When French novelist Joséphin Péladan returned to Paris in 1882 to establish his career as an art critic, it was quite a different Paris from the one where his family had lived in the late 1840s.
Many of the old, winding streets had been replaced by French official Baron Haussmann’s wide, grand boulevards. The rapid technological advancements and the printing press boom of the ’80s and ’90s, which allowed for the mass dissemination of images, had fueled a cascade of modernization, marking the beginnings of consumer capitalism. Circuses, cafés, dance halls and brothels sprang up, providing Parisians with new spaces to see and be seen. Giant department stores (grand magasins) like Le Bon Marché had opened too. They sold mass-produced, ready-made fashion at a range of prices, offering Parisians new opportunities to define and even turn themselves into a spectacle.
Péladan’s relationship with this new Paris was a complicated one. On the one hand, he was repulsed by what he saw as the rise of cheap, “low-end” entertainment and the materialism and vulgarity of mass consumer culture. On the other hand, these changes in cultural circumstances created tremendous new possibilities for outer life and expressing oneself to the public, both visually and verbally.
These were the cultural circumstances that made the idea of living one’s life as a work of art conceivable. The idea of transforming one’s life into a work of art had been floating around for a while, particularly among those called “dandies,” and “esthetes,” with whom Péladan shared the desire to distance oneself from mainstream culture through aesthetic innovation. However, Péladan was the one to formalize the sentiment and its categorization as an art form. He called it La Kaloprosopie, or Kaloprosopia, (from the Greek καλός (beautiful) and πρόσωπον (person)) and it was essential to Péladan’s aesthetic mission: an artistic and spiritual revolution through the mystical self.
Péladan called Kalapropsia a “social affair.” It only worked if given a stage, and for Péladan, the stage was Paris. Péladan was hyper-aware that on this stage, one’s external appearance carried immense meaning; as a result, he took the way others perceived him extremely seriously. On the opening day of the first Salon de la Rose + Croix, he forbade the attendance of one of the exhibiting artists because he could not afford the white monks’ robes and large red cross necklace that Péladan required the artists wear. For Péladan, the cultivation of his image extended past his physical self to the stage which surrounded him.
This is not to say that the aesthetic created by his physical self was not of the utmost importance. Péladan meticulously crafted a look that could be summarized by long, flowing robes, elaborate lace collars, unruly hair and a pointed beard. The effect produced by this style clashed with the mass-produced men’s suits sold at Le Bon Marché. His look was suggestive of a distant, ideal past. In pseudo-physician, author and social critic Max Nordau’s treatise “Degeneration,” Nordau devotes a brief section to Péladan and prefaces his analysis by writing that, “he dresses himself archaically in a satin doublet of blue or black; he trims his extremely luxuriant blue-black hair and beard into the shape in use among the Assyrians.”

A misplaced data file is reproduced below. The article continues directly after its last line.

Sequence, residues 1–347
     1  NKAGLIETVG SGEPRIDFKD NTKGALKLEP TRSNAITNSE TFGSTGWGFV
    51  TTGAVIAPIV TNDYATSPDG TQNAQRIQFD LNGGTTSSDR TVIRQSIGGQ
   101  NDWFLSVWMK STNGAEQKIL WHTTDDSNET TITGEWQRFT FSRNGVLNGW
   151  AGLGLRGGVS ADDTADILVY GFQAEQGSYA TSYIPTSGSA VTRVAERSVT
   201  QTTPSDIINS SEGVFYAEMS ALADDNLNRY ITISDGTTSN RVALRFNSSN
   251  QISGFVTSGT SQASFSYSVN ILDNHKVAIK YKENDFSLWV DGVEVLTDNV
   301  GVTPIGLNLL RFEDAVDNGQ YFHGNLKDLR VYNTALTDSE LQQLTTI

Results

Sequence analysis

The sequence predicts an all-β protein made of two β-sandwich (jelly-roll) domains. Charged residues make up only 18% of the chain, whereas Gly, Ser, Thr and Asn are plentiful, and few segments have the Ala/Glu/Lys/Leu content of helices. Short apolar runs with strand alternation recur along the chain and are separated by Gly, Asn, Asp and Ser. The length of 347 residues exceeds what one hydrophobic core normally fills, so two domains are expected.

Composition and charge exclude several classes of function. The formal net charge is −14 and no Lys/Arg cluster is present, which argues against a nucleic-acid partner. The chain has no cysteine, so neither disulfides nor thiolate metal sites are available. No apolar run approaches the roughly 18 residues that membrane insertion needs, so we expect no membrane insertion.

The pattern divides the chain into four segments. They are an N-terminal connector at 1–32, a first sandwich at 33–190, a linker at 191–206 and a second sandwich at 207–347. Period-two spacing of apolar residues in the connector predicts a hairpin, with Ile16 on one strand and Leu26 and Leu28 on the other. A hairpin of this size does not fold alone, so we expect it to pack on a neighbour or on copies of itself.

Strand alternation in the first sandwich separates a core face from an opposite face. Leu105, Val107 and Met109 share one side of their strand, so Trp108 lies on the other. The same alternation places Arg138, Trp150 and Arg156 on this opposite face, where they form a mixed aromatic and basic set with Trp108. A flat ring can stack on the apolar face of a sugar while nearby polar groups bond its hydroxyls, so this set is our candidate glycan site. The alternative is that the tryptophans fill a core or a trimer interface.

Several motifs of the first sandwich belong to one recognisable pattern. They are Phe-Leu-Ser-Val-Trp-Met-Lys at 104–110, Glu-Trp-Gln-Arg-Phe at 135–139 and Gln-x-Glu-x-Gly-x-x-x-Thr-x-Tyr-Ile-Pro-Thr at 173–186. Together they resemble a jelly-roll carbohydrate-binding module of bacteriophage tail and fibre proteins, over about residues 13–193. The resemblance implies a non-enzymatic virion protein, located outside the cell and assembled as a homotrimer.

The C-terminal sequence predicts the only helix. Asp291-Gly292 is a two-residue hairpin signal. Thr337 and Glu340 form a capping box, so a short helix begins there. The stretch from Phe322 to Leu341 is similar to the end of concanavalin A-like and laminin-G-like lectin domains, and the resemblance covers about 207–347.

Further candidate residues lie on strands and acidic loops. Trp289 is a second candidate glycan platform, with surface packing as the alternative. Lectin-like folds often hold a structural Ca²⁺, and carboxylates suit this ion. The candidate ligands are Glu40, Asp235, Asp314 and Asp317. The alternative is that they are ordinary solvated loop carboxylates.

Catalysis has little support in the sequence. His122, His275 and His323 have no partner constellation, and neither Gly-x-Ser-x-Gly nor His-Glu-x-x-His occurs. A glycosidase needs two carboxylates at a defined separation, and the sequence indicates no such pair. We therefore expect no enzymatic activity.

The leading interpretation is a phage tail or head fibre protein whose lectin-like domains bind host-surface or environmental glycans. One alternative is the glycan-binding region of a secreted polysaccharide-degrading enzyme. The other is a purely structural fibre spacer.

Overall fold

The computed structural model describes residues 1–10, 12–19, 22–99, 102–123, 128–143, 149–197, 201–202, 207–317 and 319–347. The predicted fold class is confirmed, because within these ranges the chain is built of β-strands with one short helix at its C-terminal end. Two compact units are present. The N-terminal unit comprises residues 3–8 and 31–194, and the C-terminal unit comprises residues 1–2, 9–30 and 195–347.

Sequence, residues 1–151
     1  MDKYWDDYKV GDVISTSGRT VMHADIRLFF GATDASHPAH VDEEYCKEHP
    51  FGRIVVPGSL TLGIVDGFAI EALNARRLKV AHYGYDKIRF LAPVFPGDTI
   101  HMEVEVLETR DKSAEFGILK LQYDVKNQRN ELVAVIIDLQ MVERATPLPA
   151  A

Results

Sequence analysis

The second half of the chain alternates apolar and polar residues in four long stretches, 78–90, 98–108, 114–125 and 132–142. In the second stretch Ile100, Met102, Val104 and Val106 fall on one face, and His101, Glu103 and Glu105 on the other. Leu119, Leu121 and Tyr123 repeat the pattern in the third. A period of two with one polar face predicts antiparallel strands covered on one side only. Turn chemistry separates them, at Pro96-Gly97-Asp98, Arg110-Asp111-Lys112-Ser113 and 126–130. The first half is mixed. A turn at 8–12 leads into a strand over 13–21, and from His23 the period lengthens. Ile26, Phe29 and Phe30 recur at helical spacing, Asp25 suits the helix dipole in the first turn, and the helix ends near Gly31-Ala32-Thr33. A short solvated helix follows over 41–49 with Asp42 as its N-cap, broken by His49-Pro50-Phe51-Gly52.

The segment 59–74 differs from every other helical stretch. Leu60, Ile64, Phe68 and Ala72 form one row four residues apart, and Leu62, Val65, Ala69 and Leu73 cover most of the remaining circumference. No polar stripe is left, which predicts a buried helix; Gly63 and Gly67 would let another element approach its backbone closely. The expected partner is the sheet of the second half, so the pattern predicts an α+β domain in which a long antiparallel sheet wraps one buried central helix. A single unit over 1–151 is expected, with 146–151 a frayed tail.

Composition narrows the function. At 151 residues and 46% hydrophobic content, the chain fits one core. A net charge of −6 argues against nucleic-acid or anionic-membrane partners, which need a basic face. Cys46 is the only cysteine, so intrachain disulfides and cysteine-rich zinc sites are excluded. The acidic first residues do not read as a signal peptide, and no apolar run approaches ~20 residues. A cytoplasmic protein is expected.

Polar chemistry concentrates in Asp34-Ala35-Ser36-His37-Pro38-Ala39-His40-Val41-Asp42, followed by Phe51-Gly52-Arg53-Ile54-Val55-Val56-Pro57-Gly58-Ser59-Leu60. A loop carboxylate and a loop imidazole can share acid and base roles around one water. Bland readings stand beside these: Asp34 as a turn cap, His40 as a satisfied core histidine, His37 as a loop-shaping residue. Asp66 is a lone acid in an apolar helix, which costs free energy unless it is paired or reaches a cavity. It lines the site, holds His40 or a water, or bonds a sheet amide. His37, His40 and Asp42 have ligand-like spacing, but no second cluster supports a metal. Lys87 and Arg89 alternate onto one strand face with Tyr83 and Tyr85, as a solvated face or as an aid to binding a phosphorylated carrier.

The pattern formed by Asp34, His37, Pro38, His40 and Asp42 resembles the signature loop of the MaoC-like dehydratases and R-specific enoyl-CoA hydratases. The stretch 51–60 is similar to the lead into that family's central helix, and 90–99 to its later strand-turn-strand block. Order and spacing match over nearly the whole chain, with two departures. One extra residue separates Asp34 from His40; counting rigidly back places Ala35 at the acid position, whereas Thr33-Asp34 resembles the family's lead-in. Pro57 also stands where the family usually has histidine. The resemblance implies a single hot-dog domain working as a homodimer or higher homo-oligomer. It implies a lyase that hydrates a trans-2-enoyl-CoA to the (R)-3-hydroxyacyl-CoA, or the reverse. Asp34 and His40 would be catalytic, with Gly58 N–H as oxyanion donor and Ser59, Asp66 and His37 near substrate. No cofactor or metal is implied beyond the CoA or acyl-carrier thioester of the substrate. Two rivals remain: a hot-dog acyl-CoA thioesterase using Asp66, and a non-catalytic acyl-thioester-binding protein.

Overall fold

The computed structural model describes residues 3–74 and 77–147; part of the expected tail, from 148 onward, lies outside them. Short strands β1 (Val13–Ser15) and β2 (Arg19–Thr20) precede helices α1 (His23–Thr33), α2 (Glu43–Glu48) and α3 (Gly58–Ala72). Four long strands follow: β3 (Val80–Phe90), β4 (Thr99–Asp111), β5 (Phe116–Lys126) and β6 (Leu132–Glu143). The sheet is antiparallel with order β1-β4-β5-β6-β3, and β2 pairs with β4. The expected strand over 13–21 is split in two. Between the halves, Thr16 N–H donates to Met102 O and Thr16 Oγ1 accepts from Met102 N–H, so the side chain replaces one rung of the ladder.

This “clashing” with mainstream culture was essential context for his look. Journalist Tara Isabella Burton notes that “such dress was meaningful only if it provoked a reaction and ran against the grain of mainstream culture … [Péladan’s] influence existed in constant dynamic tension with the world around him, even while taking advantage of the frenzied media culture of the day.” Kalapropsia was defined by the creation of a personality that was contradictory or in opposition to the rest of society, and an audience provided that opposition. The public life of the city was therefore necessary for Kalapropsia.
The contradictory nature of Péladan’s aesthetic garnered much attention, receiving ridicule from the Parisian press. Even though Péladan’s art criticism, books and performances were arguably equally outlandish and attention-worthy, the press focused mostly on his fashion choices and physical appearance and especially his hair. For example, an 1891 article in the St Louis Post-Dispatch, “A New Parisian God,” that covered a lawsuit involving Péladan noted that “he is a rather a clever writer, but much more remarkable for a voluminous crop of curly hair, more conspicuous and decorative than that possessed by another other man in Paris.”
The scrutiny of Péladan’s physical appearance confirmed his belief that one’s appearance was central to public perception at a time of increasing visibility and sharing of images in Parisian society and was often viewed as more important than words.
As historian Carol Armstrong notes, Parisian public life at the end of the nineteenth century had become a matter of spectatorship and the work of getting ready to go out into the world and “present” oneself was deliberate and active. The increasing availability of public spaces had turned everyone into actors.
Péladan’s fashion choices are therefore about more than just clothing. As historian Frantisek Deak notes, “a dandy gives great importance to the clothes he is wearing, but he is a much more complex phenomenon than a man of fashion; he is someone for whom his appearance and manners are a communicative act.” In the book L’art Idéaliste et Mystique, Péladan wrote that “in a time when honors are dishonored, where function signifies incapacity, there is a kind of public virtue in providing, through wearing a costume, that one is oneself, one is free, one is outside the frame.” For Péladan, fashion was a mode of communication that allowed him to distance himself from the rest of society while testing boundaries and making a statement about societal values — all without saying a word.
Daily Arts Writer Jaden Katz can be reached at email@example.com.